With the benefit of hindsight, it’s quite unbelievable:

It’s undeniable what they’d have you to think
It’s indescribable, it can drive you to drink
They said it was the land of milk and honey
Now they say it’s the land of money
Who ever thought they could make that stick
It’s unbelievable that you can get this rich this quick
(Bob Dylan: Unbelievable)

Both the Canadian band and Dylan alluding to:

And all should cry, Beware, Beware
His flashing eyes, his floating hair
Weave a circle round him thrice
And close your eyes with holy dread
For he on honey dew hath fed
And drank the milk of Paradise
(Samuel Coleridge: Kubla Khan)

What’s on the site

1: Over 400 reviews of Dylan songs.  There is an index to these in alphabetical order below on this page, and an index to the songs in the order they were written in the Chronology Pages.

2: The Chronology.  We’ve taken all the songs we can find recordings of and put them in the order they were written (as far as possible) not in the order they appeared on albums.  The chronology is more or less complete and is now linked to all the reviews on the site.  We have also recently started to produce overviews of Dylan’s work year by year.     The index to the chronologies is here.

3: Bob Dylan’s themes.  We publish a wide range of articles about Bob Dylan and his compositions.  There is an index here.

4:   The Discussion Group    We now have a discussion group “Untold Dylan” on Facebook.  Just type the phrase “Untold Dylan” in, on your Facebook page or follow this link 

5:  Bob Dylan’s creativity.   We’re fascinated in taking the study of Dylan’s creative approach further.  The index is in Dylan’s Creativity.

6: You might also like: A classification of Bob Dylan’s songs and partial Index to Dylan’s Best Opening Lines

And please do note   The Bob Dylan Project, which lists every Dylan song in alphabetical order, and has links to licensed recordings and performances by Dylan and by other artists, is starting to link back to our reviews.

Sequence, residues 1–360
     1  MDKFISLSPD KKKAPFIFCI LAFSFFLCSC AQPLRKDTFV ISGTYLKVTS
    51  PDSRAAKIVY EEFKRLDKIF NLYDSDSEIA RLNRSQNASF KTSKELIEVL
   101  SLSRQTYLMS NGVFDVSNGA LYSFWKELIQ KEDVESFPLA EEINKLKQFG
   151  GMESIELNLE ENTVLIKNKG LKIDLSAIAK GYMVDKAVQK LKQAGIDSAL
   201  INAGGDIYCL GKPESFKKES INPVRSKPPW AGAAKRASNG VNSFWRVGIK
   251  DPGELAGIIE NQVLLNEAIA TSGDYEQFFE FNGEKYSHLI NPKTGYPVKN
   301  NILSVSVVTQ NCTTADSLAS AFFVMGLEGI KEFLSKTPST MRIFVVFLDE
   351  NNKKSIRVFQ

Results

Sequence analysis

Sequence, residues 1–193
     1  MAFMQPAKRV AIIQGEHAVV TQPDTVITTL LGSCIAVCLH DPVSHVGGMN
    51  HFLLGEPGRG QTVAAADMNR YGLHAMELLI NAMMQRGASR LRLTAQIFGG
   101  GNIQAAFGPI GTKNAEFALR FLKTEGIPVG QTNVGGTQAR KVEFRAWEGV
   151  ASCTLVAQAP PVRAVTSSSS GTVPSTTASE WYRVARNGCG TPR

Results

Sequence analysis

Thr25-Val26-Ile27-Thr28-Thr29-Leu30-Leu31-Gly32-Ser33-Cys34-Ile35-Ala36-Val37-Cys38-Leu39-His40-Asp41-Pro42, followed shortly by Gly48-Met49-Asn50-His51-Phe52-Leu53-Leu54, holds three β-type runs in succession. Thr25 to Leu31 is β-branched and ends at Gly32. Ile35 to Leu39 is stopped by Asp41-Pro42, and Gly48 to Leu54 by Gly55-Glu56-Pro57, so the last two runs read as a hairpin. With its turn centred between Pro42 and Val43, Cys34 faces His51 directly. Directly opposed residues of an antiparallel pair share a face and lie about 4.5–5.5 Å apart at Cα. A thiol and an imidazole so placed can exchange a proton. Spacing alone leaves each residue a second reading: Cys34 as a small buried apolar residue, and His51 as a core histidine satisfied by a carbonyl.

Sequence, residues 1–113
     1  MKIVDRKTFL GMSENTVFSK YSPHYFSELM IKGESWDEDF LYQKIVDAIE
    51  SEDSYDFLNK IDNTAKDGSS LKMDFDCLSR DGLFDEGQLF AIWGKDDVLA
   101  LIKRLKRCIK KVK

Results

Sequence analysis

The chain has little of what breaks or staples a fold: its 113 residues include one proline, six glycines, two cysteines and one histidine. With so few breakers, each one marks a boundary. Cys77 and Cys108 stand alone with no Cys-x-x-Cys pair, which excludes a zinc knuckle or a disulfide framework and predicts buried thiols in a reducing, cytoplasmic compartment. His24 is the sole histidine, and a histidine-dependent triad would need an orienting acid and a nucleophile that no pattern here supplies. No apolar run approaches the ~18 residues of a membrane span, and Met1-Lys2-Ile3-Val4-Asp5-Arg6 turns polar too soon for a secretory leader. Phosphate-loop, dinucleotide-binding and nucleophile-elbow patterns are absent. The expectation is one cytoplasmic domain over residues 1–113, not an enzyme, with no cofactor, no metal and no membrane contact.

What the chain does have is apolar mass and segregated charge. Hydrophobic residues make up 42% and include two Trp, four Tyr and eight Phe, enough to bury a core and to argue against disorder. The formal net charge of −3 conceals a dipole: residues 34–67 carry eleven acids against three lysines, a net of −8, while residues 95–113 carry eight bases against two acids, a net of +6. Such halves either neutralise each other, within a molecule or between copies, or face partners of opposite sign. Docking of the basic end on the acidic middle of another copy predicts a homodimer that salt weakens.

1. Looking for sources is a dangerous game. You’ll often find that there’s a source behind the source, and another source behind that one, and that in the end it’s turtles all the way down, as the lady said. I don’t know who was the first to rhyme “fire” and “desire,” but I’m confident it wasn’t William Blake. And “All that is gold does not glitter” is not original to Tolkien, nor would he have claimed it was:
    “Non omne quod nitet aurum est.”–Latin proverb
    “Que tout n’est pas or c’on voit luire.”–Freire Cordelier
    “Hyt is not al golde that glareth.”–Chaucer
    “All that glisters is not gold.”–Shakespeare
    “Que no es oro todo lo que reluce”–Cervantes
    “Not all that tempts your wandering eyes
    And heedless hearts is lawful prize,
    Nor all, that glisters, gold.”–Thomas Gray

    The Rush lyrics are obviously cribbed from Coleridge. But Dylan has another land of milk and honey in mind:
    “And I have said, I will bring you up out of the affliction of Egypt unto the land of the Canaanites, and the Hittites, and the Amorites, and the Perizzites, and the Hivites, and the Jebusites, unto a land flowing with milk and honey.”–Exodus 3:17

  2. Frank, I completely agree with what you are saying, but I chose to use the most recent poetic sources known to be used by Dylan. Mentioned by me in other postings, ‘Can I Please Crawl Out Your Window’ appears to allude to the Gothic side of Coleridge( Christabel) though both he and Dylan are well-versed in the Bible. U2 makes other reference to Blake, and say so. And Edmund Spenser’s ‘My Love Is Like To Ice And I To Fire’ is likely sourced by William Blake, by Robert Frost, and believe it or not by Johnny Cash!

    That is, I do realize the sources I mention are not necessarily the only ones Dylan had in mind…’s turtles all the way down.

    And thanks for the informed response.

  3. ie, In previous April 7th article entitled ‘The Land Of Milk And Honey: Bob Dylan And Samuel Coleridge, I quote Exodus 3:8.